Framing the View

New Zealand’s spectacular scenery captivated European artists and photographers who came here in the 1800s. With no works by Old Masters to copy, nature was their training ground.

When | Āhea

24 Aug 2016 – 26 Feb 2017

Where | Ki hea

Level 5

Cost | Te utu



All ages

Accessibility | E wātea ana ki
  • Wheelchair accessible

Find out more about accessibility at Te Papa

To perfect their art, European artists and photographers braved the elements, producing depictions that ranged from untouched worlds to romantic wonderlands and pictures of domestication.

A favourite site was the Pink and White Terraces, once considered ‘the eighth wonder of the world’. Paintings and photographs continued to reproduce their glory long after they vanished beneath the 1886 Tarawera eruption.

Charles Blomfield, The Terraces, 1885. Purchased 1946. Te Papa (1992-0035-1647)

Blomfield's paintings, exhibited in his Auckland studio, were praised as ‘the most faithful representations … with the varied tints of blue, pink, and yellow’.

Blomfield quickly developed a reputation for his terrace paintings and began reproducing them for the tourist market. However, critics were wary of the impact on his career, warning that ‘“Blomfield in Wonderland” should not become a proverb’.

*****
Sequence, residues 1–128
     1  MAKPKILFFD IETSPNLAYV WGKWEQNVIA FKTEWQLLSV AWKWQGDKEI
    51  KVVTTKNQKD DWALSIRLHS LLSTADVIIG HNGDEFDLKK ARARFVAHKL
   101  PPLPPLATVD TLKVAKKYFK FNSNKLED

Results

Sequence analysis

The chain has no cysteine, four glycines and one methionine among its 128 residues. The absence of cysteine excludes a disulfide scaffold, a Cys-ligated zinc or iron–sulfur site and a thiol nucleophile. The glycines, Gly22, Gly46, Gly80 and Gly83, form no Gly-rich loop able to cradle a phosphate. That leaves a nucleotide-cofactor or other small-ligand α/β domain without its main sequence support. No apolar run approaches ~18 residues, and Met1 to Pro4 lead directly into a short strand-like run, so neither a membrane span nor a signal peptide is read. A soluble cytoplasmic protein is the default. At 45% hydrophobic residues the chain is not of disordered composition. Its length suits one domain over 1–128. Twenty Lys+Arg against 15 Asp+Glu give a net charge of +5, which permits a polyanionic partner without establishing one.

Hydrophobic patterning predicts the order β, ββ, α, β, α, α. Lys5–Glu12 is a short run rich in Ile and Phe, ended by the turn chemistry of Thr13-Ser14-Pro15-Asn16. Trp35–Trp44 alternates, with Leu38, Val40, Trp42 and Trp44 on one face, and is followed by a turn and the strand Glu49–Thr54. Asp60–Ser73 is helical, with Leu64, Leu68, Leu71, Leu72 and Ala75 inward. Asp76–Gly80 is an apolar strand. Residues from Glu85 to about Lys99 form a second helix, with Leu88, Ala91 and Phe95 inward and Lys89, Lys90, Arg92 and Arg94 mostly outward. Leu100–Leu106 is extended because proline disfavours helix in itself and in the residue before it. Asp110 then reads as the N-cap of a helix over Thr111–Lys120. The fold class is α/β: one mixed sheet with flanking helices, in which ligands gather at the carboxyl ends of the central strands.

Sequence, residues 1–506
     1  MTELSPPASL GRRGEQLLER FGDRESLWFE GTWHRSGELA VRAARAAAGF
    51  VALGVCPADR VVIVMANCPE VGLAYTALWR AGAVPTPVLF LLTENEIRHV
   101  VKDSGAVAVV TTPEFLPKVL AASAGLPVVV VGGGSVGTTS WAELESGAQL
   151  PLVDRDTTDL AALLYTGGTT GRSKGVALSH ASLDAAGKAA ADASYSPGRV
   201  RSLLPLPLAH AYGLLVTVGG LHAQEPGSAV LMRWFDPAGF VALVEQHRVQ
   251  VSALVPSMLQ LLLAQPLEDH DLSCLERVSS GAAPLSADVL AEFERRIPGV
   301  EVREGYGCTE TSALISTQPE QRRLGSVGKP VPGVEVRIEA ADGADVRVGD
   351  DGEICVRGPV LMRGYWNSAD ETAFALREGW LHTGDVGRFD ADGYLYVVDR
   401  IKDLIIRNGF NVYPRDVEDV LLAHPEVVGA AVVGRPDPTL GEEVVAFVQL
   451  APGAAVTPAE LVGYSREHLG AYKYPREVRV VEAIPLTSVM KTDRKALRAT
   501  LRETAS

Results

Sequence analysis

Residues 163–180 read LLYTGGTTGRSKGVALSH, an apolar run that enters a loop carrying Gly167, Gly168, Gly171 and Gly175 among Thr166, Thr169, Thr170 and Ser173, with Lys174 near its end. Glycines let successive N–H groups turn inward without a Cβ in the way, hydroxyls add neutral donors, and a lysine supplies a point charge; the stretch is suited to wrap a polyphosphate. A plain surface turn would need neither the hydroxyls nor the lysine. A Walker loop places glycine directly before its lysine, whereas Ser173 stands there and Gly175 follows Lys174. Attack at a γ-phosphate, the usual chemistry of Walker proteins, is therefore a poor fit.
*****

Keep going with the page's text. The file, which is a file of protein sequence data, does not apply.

Burton Brothers studio print from Charles Spencer negative, White Terrace. Purchased 1981 with New Zealand Lottery Board funds. Te Papa (O.002196)

Robert Henry Bartlett, Pink Terrace. From the album: New Zealand Through the Camera. Te Papa (O.040873)

Burton Brothers studio, White Terrace, circa 1885. Purchased 1981 with New Zealand Lottery Board funds. Te Papa (O.000806)

John Hoyte, The White Terraces, circa 1875. Gift of the Family of Patrick and Davina Foot, 2016. Te Papa (2016-0003-2)

John Hoyte, The Pink Terraces, circa 1875.Gift of the Family of Patrick and Davina Foot, 2016. Te Papa (2016-0003-1)

Charles Spencer, Pink Terrace, circa 1900. Purchased 2013. Hand-coloured photographic print.Te Papa (O.041083)

Photographers pictured the terraces from multiple perspectives, but colours were beyond the technology of the time. Some attempted to convey the pink hues by hand-colouring their prints later. The terraces were buried in the eruption of Tarawera on 10 June 1886, but photographers continued to produce prints of them from negatives into the 20th century.

Charles Spencer, The White Terrace, Rotomahana, 1880s. Gift of Nancy Adams, 1964. Te Papa (O.000767)

Burton Brothers studio, Boars Head, White Terrace, 1870s. Purchased 2014. Te Papa (O.043013)

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